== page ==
6- We feel part of the Church in which we have received the message of the Gospel and teachings to grow in faith and deepen our sense of life. We live with Francis a moment of hope and a return to the essence of Jesus’ message, which calls us to build a “poor Church and for the poor”, “on the way out”, and to incarnate the council as Medellín did. We are shaken by a very deep crisis caused by the sexual abuse of children and adolescents by ecclesiastical personnel and the concealment of the problem by the hierarchy. In the midst of pain and indignation, we see these events as a sign of the times through which God calls us. Victims must be the priority, they must be heard, cared for and receive the necessary reparation that is justice. Our communities are in solidarity with them. With Pope Francis we point out that the deep cause of these crimes is clericalism, the spirituality of the elite and the abuse of power. This requires a profound change in the structure of our Church and a sincere conversion; only in this way can it regain credibility. These times are a kairos, an opportune moment for change, for the protagonism of the laity and in particular of women, to build a more synodal church.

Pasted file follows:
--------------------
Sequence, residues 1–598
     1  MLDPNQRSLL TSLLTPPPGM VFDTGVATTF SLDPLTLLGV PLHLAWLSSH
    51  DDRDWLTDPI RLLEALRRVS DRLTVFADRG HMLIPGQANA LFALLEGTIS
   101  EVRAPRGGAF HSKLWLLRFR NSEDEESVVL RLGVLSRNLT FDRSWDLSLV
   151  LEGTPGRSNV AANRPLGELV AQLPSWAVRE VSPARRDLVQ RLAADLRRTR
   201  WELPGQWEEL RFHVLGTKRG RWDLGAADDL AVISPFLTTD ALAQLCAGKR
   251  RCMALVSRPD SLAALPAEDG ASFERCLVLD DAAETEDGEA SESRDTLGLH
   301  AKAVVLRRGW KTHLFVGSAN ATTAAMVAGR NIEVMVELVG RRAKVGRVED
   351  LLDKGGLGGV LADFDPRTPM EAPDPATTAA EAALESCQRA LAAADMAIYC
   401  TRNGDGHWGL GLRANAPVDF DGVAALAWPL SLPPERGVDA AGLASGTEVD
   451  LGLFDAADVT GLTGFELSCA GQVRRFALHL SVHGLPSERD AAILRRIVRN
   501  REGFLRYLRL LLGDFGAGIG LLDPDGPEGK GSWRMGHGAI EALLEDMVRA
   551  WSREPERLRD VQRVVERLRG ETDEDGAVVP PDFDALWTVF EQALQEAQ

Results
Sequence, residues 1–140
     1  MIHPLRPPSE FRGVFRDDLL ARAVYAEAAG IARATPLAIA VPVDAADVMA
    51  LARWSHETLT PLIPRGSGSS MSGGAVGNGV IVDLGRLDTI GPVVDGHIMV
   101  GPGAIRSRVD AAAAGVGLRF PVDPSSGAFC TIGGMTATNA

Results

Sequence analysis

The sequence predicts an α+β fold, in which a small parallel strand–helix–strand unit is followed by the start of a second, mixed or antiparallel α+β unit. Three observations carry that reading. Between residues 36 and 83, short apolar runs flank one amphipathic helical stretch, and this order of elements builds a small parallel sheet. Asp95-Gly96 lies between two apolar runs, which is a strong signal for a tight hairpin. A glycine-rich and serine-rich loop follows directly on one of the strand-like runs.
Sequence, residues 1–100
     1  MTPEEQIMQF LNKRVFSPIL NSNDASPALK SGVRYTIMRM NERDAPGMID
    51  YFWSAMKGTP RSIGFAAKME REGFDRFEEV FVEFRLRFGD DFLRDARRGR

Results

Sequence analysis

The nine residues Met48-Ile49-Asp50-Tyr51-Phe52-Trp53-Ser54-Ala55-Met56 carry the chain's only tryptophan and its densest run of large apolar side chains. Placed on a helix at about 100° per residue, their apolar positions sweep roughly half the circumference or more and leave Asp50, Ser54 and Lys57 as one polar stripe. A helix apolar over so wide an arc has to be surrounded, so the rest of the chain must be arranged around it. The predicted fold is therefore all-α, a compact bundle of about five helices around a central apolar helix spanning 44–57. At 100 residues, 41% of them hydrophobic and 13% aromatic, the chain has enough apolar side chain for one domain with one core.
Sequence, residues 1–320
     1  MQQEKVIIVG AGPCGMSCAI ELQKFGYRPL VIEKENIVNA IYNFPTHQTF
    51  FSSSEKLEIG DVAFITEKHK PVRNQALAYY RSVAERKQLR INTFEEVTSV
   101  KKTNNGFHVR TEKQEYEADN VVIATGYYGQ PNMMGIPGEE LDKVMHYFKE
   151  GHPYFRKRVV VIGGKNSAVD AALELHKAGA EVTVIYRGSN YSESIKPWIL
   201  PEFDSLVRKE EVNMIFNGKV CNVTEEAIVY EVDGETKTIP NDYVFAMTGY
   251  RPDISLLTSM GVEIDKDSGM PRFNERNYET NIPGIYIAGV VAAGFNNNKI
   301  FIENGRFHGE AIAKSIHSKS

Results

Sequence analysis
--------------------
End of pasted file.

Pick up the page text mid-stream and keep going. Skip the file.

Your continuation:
7- The ICMICA of Latin America is a community of followers of Jesus, who constantly review their life and commitment in the light of faith. We consider it necessary to reinforce our spirituality, deepening our methodology of reviewing facts of life, updating our theological reflection. We want this modest movement, which has marked our lives so much, to grow and be strengthened, integrating younger generations and supporting Catholic student movements in our countries. We appreciate and appreciate the work of the Regional Team and the accompaniment of our advisors (priests and laity).
These guidelines should be concretized in action plans pertinent to the reality of our countries and according to regional perspectives and possibilities.